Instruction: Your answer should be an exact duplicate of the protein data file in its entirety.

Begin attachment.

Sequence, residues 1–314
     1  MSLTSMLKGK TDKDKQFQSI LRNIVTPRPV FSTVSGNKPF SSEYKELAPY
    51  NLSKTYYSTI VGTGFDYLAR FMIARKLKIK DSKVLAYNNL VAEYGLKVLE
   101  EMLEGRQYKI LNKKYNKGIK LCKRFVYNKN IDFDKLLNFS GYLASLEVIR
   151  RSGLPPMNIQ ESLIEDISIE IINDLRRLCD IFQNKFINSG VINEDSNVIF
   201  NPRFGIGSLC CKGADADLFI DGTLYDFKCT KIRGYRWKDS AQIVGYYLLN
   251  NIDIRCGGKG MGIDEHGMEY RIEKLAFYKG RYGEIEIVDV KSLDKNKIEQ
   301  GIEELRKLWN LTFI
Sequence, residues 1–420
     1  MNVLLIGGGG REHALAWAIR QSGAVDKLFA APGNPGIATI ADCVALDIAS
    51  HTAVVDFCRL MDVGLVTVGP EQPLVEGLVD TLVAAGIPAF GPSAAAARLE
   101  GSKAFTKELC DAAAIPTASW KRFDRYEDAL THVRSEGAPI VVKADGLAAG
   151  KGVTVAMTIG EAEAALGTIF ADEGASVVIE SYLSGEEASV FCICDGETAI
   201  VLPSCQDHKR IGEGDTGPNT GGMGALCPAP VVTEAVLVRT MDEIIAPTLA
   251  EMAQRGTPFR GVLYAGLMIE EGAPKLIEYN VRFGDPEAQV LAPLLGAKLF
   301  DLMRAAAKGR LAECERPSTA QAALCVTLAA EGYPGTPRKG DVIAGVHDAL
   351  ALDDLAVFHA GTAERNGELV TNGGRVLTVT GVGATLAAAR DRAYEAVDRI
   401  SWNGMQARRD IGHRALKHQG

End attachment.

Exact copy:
Sequence, residues 1–314
     1  MSLTSMLKGK TDKDKQFQSI LRNIVTPRPV FSTVSGNKPF SSEYKELAPY
    51  NLSKTYYSTI VGTGFDYLAR FMIARKLKIK DSKVLAYNNL VAEYGLKVLE
   101  EMLEGRQYKI LNKKYNKGIK LCKRFVYNKN IDFDKLLNFS GYLASLEVIR
   151  RSGLPPMNIQ ESLIEDISIE IINDLRRLCD IFQNKFINSG VINEDSNVIF
   201  NPRFGIGSLC CKGADADLFI DGTLYDFKCT KIRGYRWKDS AQIVGYYLLN
   251  NIDIRCGGKG MGIDEHGMEY RIEKLAFYKG RYGEIEIVDV KSLDKNKIEQ
   301  GIEELRKLWN LTFI
Sequence, residues 1–420
     1  MNVLLIGGGG REHALAWAIR QSGAVDKLFA APGNPGIATI ADCVALDIAS
    51  HTAVVDFCRL MDVGLVTVGP EQPLVEGLVD TLVAAGIPAF GPSAAAARLE
   101  GSKAFTKELC DAAAIPTASW KRFDRYEDAL THVRSEGAPI VVKADGLAAG
   151  KGVTVAMTIG EAEAALGTIF ADEGASVVIE SYLSGEEASV FCICDGETAI
   201  VLPSCQDHKR IGEGDTGPNT GGMGALCPAP VVTEAVLVRT MDEIIAPTLA
   251  EMAQRGTPFR GVLYAGLMIE EGAPKLIEYN VRFGDPEAQV LAPLLGAKLF
   301  DLMRAAAKGR LAECERPSTA QAALCVTLAA EGYPGTPRKG DVIAGVHDAL
   351  ALDDLAVFHA GTAERNGELV TNGGRVLTVT GVGATLAAAR DRAYEAVDRI
   401  SWNGMQARRD IGHRALKHQG